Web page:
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I've written a library and I'm trying to statically link it to my main program. My main program is written in C++, but the library is in C. I noticed some of the debugging printf statements in my library running twice where they shouldn't for some reason, so I started commenting out code. I'm now left with this (comments excluded):

#include <iostream>
extern "C"
{
    include "audio.h"
}

int main(int argc, char** argv)
{
    std::cout << "Hello" << std::endl;
    audio_test();
    std::cout << "World" << std::endl;
    return 0;
}

The function audio test is not interesting at all. This is from a C file that I'm trying to use in my C++ project.

void audio_test()
{
    printf("TEST\n");
}

The output from my program is this:

Hello
TEST

TEST
World

I have no idea at this point why this is happening.

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closed as too localized by Alex, Xeo, Bo Persson, dalle, R. Martinho Fernandes Apr 21 '11 at 18:50

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1  
Missing "<<" after "Hello" and before std::endl. –  Paul Beckingham Apr 21 '11 at 18:37
    
@Alex: Just to be clear, you're saying that the two snippets are showing your code in its entirety? –  NPE Apr 21 '11 at 18:38
3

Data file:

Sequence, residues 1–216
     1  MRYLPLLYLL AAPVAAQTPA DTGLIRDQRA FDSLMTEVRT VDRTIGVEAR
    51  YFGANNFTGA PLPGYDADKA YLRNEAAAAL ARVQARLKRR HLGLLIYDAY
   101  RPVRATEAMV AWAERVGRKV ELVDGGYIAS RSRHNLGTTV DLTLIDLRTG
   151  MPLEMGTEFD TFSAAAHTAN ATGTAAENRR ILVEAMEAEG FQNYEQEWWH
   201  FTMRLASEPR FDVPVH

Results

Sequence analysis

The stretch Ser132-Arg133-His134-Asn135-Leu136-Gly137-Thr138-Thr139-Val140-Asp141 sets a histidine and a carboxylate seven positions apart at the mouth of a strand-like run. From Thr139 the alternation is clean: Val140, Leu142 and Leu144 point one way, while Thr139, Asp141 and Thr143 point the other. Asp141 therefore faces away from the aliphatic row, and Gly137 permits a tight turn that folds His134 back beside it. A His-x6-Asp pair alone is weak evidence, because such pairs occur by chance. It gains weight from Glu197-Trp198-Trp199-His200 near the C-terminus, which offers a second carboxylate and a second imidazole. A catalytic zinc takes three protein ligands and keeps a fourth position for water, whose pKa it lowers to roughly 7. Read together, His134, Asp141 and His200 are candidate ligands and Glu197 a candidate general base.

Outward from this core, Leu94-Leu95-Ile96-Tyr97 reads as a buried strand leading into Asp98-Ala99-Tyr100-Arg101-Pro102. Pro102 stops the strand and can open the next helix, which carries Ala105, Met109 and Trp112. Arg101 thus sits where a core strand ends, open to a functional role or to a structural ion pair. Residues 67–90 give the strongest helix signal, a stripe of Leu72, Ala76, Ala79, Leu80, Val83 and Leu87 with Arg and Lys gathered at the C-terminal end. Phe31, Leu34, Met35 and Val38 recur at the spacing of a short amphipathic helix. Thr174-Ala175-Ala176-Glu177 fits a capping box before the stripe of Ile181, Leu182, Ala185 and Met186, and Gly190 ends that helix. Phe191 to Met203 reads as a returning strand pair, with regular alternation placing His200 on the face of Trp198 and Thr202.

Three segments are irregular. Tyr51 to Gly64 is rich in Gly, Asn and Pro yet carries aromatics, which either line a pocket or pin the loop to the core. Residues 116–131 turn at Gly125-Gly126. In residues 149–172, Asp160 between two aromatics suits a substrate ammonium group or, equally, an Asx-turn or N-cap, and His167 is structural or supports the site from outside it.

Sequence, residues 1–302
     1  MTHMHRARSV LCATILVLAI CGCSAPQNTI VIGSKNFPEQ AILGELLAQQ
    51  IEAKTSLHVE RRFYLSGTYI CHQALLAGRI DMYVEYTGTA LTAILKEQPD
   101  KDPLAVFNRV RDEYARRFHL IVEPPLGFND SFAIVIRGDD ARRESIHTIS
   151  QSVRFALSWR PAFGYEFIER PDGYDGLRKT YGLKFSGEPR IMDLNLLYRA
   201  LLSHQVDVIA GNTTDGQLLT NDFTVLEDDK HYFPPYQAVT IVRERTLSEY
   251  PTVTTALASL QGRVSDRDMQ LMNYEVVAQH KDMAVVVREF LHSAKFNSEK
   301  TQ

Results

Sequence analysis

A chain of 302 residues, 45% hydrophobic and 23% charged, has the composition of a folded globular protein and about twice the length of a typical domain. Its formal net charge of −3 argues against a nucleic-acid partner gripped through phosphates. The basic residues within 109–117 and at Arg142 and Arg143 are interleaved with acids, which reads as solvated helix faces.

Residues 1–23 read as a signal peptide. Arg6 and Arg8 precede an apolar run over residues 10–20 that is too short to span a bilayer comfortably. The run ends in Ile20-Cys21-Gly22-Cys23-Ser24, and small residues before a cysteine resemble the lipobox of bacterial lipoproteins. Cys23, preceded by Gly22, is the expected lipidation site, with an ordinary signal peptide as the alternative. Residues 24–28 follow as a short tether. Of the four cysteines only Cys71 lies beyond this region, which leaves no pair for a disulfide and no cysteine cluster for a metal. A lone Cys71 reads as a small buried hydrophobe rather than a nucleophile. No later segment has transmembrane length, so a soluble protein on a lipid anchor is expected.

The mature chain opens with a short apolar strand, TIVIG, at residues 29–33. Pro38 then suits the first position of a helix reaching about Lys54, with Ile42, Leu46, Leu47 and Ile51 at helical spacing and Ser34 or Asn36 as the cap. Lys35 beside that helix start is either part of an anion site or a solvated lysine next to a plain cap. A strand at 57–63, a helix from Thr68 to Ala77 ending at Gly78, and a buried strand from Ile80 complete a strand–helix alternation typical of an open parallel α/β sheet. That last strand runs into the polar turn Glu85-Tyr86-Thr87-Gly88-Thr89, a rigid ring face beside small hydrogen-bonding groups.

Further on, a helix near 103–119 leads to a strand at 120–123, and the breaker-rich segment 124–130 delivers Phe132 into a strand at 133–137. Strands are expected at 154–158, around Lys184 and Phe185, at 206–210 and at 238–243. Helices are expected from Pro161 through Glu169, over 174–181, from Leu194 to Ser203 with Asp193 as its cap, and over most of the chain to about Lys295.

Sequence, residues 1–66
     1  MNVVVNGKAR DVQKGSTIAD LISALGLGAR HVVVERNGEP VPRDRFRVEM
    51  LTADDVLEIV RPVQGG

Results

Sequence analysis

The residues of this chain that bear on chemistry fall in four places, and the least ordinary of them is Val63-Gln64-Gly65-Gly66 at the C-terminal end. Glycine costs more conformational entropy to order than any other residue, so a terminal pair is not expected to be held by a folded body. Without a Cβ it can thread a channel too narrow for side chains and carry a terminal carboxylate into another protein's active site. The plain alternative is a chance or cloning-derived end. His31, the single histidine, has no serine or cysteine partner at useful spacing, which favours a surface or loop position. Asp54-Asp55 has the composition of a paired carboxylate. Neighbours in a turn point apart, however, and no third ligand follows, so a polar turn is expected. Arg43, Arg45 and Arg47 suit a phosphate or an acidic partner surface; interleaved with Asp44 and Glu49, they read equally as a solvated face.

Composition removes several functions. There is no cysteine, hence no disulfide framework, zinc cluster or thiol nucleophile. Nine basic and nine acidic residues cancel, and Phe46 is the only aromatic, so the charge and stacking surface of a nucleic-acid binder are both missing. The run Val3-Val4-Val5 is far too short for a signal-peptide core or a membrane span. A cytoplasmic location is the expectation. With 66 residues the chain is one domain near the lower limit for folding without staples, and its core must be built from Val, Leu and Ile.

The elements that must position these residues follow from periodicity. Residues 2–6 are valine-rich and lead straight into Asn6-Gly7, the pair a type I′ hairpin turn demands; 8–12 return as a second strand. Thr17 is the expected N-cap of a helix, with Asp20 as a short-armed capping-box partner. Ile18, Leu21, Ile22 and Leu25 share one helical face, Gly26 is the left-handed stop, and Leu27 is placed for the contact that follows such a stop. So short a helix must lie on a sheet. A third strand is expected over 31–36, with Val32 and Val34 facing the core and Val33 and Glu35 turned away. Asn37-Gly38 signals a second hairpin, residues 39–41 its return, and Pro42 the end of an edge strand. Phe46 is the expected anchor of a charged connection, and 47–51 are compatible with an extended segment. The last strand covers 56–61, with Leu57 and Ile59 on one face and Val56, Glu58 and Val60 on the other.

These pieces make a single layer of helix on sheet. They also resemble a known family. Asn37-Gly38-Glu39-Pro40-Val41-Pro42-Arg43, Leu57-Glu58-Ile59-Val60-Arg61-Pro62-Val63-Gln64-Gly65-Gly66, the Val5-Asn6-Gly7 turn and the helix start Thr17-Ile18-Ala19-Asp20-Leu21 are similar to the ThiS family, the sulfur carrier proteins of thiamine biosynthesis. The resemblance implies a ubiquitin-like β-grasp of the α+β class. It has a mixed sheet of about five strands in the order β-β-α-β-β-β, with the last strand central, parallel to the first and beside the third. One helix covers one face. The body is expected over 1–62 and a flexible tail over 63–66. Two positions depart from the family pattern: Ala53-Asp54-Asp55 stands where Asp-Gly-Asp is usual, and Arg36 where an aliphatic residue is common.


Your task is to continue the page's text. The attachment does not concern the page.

Please provide a complete compilable example. Then compile it and make sure that it does in fact do what you say it does. –  Benjamin Lindley Apr 21 '11 at 18:38
    
Sorry about the missing <<, I'm editing the code over ssh and it's hard to copy/paste. However, I've noticed that there was another file included in audio.c, and when commented out the bug goes away. Somehow that file is causing the problem. –  Alex Apr 21 '11 at 18:40
1  
Since this question no longer accurately reflects the real problem I'm seeing, I'm just going to close it and talk to the person who wrote the other file I'm using. –  Alex Apr 21 '11 at 18:44
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1 Answer 1

Call std::ios_base::sync_with_stdio(true) and it will probably work better.

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I thought the standard required them to always be in sync..? –  R.. Apr 21 '11 at 18:46
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